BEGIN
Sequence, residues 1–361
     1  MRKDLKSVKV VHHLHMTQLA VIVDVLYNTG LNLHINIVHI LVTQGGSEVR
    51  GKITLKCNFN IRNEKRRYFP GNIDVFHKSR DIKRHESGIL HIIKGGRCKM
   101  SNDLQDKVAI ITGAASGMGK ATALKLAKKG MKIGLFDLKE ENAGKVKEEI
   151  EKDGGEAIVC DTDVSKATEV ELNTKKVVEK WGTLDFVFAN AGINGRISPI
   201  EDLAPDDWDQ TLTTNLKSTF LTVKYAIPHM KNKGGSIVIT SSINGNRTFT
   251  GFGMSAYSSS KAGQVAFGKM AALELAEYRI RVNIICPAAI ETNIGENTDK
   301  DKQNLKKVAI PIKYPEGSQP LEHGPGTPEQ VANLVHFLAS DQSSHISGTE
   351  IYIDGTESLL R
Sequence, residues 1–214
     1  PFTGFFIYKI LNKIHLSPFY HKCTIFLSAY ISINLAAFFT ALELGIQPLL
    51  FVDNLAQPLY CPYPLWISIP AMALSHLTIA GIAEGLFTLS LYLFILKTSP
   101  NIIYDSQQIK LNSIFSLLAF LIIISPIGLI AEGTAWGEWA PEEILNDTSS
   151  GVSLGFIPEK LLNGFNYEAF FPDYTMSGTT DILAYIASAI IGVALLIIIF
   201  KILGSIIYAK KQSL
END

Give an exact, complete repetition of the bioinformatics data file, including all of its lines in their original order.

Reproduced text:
Sequence, residues 1–361
     1  MRKDLKSVKV VHHLHMTQLA VIVDVLYNTG LNLHINIVHI LVTQGGSEVR
    51  GKITLKCNFN IRNEKRRYFP GNIDVFHKSR DIKRHESGIL HIIKGGRCKM
   101  SNDLQDKVAI ITGAASGMGK ATALKLAKKG MKIGLFDLKE ENAGKVKEEI
   151  EKDGGEAIVC DTDVSKATEV ELNTKKVVEK WGTLDFVFAN AGINGRISPI
   201  EDLAPDDWDQ TLTTNLKSTF LTVKYAIPHM KNKGGSIVIT SSINGNRTFT
   251  GFGMSAYSSS KAGQVAFGKM AALELAEYRI RVNIICPAAI ETNIGENTDK
   301  DKQNLKKVAI PIKYPEGSQP LEHGPGTPEQ VANLVHFLAS DQSSHISGTE
   351  IYIDGTESLL R
Sequence, residues 1–214
     1  PFTGFFIYKI LNKIHLSPFY HKCTIFLSAY ISINLAAFFT ALELGIQPLL
    51  FVDNLAQPLY CPYPLWISIP AMALSHLTIA GIAEGLFTLS LYLFILKTSP
   101  NIIYDSQQIK LNSIFSLLAF LIIISPIGLI AEGTAWGEWA PEEILNDTSS
   151  GVSLGFIPEK LLNGFNYEAF FPDYTMSGTT DILAYIASAI IGVALLIIIF
   201  KILGSIIYAK KQSL